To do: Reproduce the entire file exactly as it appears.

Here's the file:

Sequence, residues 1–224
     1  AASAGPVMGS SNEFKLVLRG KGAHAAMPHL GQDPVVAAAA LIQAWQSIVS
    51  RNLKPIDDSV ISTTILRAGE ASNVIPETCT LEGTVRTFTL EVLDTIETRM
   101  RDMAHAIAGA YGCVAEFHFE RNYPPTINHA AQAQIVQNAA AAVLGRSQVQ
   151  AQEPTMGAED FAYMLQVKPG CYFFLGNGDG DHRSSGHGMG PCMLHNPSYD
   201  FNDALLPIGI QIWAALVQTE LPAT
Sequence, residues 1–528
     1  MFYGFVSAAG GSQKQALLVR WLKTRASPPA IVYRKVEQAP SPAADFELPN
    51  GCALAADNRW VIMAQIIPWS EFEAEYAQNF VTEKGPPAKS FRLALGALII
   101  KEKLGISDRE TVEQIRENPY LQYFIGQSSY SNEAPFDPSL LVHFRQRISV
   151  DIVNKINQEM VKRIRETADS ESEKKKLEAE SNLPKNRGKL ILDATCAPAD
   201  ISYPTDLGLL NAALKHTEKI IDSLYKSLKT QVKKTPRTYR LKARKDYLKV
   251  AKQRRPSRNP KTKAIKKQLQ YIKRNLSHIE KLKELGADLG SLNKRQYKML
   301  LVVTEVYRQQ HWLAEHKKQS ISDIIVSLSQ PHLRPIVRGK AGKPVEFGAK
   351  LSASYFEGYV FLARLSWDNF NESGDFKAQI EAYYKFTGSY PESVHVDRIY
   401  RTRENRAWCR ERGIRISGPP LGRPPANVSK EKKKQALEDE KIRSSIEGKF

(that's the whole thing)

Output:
Sequence, residues 1–224
     1  AASAGPVMGS SNEFKLVLRG KGAHAAMPHL GQDPVVAAAA LIQAWQSIVS
    51  RNLKPIDDSV ISTTILRAGE ASNVIPETCT LEGTVRTFTL EVLDTIETRM
   101  RDMAHAIAGA YGCVAEFHFE RNYPPTINHA AQAQIVQNAA AAVLGRSQVQ
   151  AQEPTMGAED FAYMLQVKPG CYFFLGNGDG DHRSSGHGMG PCMLHNPSYD
   201  FNDALLPIGI QIWAALVQTE LPAT
Sequence, residues 1–528
     1  MFYGFVSAAG GSQKQALLVR WLKTRASPPA IVYRKVEQAP SPAADFELPN
    51  GCALAADNRW VIMAQIIPWS EFEAEYAQNF VTEKGPPAKS FRLALGALII
   101  KEKLGISDRE TVEQIRENPY LQYFIGQSSY SNEAPFDPSL LVHFRQRISV
   151  DIVNKINQEM VKRIRETADS ESEKKKLEAE SNLPKNRGKL ILDATCAPAD
   201  ISYPTDLGLL NAALKHTEKI IDSLYKSLKT QVKKTPRTYR LKARKDYLKV
   251  AKQRRPSRNP KTKAIKKQLQ YIKRNLSHIE KLKELGADLG SLNKRQYKML
   301  LVVTEVYRQQ HWLAEHKKQS ISDIIVSLSQ PHLRPIVRGK AGKPVEFGAK
   351  LSASYFEGYV FLARLSWDNF NESGDFKAQI EAYYKFTGSY PESVHVDRIY
   401  RTRENRAWCR ERGIRISGPP LGRPPANVSK EKKKQALEDE KIRSSIEGKF